Ingredients :

(1) pound of fresh donkey’s round (2) handful of wild onions (2) handful of wild mushroom (2) gills of fresh donkey blood (1) gill of pine nut oil (2) gills of fermented wildberries juice (1) spoonful of lemongrass (1) spoonful of salt pickled butternut, to someone’s liking boiled cabbage, to someone’s liking

The huntsman’s stew is a staple of northern Leaundeval. it’s simplicity is its strength, with the everyday ingredients mostly found around the forests of the North. Though the meat choice for the meal varies greatly, the traditional recipe calls for donkey thigh. Folklore says the hunters would end up eating a donkey, back home, after a particularly bad hunt. Any cut available will do, but the prize one is the round, for its delicacy.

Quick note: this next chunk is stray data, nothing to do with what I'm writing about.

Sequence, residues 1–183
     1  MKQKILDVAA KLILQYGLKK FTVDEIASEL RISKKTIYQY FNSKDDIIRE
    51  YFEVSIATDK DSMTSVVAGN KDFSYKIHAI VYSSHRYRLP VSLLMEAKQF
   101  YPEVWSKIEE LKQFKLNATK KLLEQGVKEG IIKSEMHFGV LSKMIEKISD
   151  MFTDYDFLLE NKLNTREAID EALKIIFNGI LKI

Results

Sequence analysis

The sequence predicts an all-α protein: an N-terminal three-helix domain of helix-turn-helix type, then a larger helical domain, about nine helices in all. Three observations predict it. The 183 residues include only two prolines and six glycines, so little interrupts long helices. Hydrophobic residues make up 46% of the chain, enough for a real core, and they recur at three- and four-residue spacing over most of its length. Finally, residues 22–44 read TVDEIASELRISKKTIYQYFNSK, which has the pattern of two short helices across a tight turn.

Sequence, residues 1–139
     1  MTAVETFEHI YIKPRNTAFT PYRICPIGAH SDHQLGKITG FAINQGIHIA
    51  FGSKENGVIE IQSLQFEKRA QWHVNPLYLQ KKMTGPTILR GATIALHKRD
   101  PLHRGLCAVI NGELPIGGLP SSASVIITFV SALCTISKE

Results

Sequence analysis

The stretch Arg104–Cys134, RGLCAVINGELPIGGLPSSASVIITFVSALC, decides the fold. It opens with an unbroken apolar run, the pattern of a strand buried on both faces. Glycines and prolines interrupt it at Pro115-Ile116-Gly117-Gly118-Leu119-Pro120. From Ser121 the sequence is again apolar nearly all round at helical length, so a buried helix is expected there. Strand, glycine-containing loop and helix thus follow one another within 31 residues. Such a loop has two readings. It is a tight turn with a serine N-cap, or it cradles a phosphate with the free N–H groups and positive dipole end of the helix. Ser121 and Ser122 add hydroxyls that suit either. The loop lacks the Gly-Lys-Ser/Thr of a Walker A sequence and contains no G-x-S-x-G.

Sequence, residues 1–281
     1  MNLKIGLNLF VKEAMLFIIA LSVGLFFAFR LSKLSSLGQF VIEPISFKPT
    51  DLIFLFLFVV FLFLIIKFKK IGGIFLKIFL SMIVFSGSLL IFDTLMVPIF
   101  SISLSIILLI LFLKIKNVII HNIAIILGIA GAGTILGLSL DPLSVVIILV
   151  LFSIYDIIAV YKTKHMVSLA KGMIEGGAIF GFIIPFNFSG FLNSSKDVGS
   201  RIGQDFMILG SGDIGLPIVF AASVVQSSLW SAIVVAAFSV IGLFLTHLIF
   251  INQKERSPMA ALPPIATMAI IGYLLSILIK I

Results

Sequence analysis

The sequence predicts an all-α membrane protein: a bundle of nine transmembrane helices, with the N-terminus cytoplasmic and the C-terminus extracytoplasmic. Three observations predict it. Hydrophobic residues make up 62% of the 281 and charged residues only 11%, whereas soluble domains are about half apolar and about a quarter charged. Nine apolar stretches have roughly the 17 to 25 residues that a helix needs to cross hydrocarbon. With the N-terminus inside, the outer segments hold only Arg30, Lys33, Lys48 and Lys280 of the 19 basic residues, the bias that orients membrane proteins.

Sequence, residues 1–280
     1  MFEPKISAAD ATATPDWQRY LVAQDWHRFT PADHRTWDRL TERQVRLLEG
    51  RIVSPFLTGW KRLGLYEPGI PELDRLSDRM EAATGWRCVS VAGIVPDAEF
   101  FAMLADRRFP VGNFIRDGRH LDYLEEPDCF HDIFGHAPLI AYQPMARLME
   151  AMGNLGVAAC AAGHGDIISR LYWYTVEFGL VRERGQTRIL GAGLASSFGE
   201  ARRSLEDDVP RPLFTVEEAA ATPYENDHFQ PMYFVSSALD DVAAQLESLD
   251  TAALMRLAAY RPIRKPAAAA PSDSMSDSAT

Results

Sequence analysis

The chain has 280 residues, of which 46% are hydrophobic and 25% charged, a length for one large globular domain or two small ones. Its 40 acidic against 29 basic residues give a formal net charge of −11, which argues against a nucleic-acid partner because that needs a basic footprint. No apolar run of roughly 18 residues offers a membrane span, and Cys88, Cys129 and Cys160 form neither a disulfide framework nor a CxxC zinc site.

The first secret of the stew is the slow and controlled cooking of the meat. The second secret is the rub. The meat must be cooked a day after being butchered. In the meantime, the fresh thigh is cut into pieces and marinated into a delicious blood sauce. The sauce itself is of 4 ingredients ; some donkey blood, pine nut oil, lemongrass and fermented wildberries. After a day of macerating, the meat is slowly stewed, at low temperature over the course of the day, with wild onions and mushrooms. The remaining sauce is thickened and cooked, for later serving. The meal is ready when the knife can easily cut through the meat with no resistance. The stew, hot and ready, is then served with a pickled butternut, boiled cabbage, and the blood sauce. To turn it into a full and satisfying dinner, a soft and creamy blue cheese, drizzled with honey, and brown beer or some banne, a local fermented milk alcohol, are served for dessert.

In the dead of winter, the huntsman’s stewed donkey is a boon, keeping the homes and hearts warm. It’s a favorite during the winter’s solstice festivities, everywhere around the realm.